CMA chief executive Sarah Cardell

A system has now been set up to enable fuel retailers to share their prices online, according to the Competition and Markets Authority.

In an open letter to stakeholders in the road fuel market, its chief executive Sarah Cardell said: “The CMA has now completed its role in relation to creating the temporary scheme by publishing the final technical standards. It is now for fuel retailers to implement this scheme for their own pricing data if they choose to participate.”

The voluntary scheme has been set up after the CMA found that competition between the supermarkets was not working properly and it said there was a need to increase transparency in fuel pricing.

Its proposals, which have been enthusiastically backed by the government, include powers to compel retailers to make real-time fuel prices available on-line, but as this will require legislation, the CMA proposed a temporary voluntary scheme to operate from the end of August until the law could be introduced.

In her letter Cardell said: “The key principles of the voluntary scheme are that the daily price updates should be available in a consistent machine-readable format, free of charge and unencumbered for onward use.”

“This temporary scheme relies on the voluntarily cooperation of fuel retailers. The purpose of it is to deliver quickly some of the benefits of open accessible pricing information to consumers while awaiting legislation. It will provide more recent pricing data, in an open and unencumbered manner, than is currently available.”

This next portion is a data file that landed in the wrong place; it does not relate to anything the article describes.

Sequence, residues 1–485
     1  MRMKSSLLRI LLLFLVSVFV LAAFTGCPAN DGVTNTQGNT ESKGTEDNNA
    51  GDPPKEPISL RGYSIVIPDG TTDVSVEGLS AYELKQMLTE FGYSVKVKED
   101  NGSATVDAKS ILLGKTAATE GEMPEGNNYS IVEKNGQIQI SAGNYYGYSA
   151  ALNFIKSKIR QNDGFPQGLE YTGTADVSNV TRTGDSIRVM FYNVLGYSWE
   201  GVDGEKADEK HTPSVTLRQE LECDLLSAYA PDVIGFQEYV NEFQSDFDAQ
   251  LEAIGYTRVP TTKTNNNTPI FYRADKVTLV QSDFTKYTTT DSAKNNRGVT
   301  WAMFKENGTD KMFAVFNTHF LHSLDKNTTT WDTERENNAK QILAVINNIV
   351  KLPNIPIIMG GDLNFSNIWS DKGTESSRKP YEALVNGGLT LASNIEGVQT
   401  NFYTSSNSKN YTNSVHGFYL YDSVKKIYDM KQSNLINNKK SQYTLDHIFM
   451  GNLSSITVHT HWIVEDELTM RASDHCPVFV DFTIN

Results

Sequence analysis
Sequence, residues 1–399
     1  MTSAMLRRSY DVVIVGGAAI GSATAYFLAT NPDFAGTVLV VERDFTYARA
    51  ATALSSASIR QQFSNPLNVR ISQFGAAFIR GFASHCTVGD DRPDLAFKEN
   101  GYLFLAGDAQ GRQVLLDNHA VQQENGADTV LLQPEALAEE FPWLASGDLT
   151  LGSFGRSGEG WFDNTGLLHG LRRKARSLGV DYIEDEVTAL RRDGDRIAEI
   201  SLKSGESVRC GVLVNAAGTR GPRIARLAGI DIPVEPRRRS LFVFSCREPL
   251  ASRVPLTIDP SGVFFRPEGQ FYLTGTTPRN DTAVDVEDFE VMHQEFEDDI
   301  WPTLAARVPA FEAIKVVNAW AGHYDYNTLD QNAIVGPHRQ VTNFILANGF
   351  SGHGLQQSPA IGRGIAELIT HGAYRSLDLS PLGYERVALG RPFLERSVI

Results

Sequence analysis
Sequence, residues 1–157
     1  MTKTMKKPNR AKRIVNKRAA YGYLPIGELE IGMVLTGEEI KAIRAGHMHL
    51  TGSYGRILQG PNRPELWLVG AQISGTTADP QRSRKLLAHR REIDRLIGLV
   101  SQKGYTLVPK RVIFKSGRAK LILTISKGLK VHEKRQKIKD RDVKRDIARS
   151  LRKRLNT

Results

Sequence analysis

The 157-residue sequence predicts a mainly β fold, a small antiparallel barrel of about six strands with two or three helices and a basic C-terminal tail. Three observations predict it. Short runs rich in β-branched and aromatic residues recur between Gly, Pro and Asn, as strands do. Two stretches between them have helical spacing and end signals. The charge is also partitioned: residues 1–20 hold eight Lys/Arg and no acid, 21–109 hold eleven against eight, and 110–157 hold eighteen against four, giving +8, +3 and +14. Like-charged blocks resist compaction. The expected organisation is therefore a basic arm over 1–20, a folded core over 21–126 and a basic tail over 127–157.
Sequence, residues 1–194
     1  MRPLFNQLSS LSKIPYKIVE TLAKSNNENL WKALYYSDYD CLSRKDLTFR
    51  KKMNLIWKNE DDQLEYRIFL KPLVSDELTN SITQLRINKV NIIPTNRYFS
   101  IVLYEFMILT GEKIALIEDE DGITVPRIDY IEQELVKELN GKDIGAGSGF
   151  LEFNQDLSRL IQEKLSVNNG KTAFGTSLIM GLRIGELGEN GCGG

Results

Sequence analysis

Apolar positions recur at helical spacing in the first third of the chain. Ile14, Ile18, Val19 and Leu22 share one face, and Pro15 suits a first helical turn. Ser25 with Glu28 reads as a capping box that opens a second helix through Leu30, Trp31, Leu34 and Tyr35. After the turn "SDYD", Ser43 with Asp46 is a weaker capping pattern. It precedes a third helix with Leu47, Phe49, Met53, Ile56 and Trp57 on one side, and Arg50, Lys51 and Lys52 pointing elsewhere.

Retailers taking part will be expected to provide daily updates for their prices of E10 and E5 petrol as well as B5 diesel and SDV super diesel at every site they operate.

In an appendex it noted: “A retailer may unilaterally decide to provide prices for further fuel types such as LPG, EV or other,” but it added: “ “Without standardisation, third parties may struggle to use this information.”

Cardell continued: “We recognise the interim scheme is limited, especially given that there will sometimes be a lag between the setting of forecourt prices and the prices displayed by the third-party comparator. This is why we have recommended that a full statutory scheme be put in place as soon as possible.

“We welcome the fact that Department for Energy Security and Net Zero officials are exploring whether a version of the open data fuel-finder scheme could be introduced in advance of the legislation, on a voluntary basis, bringing the fuller benefits of our recommendation to consumers sooner.”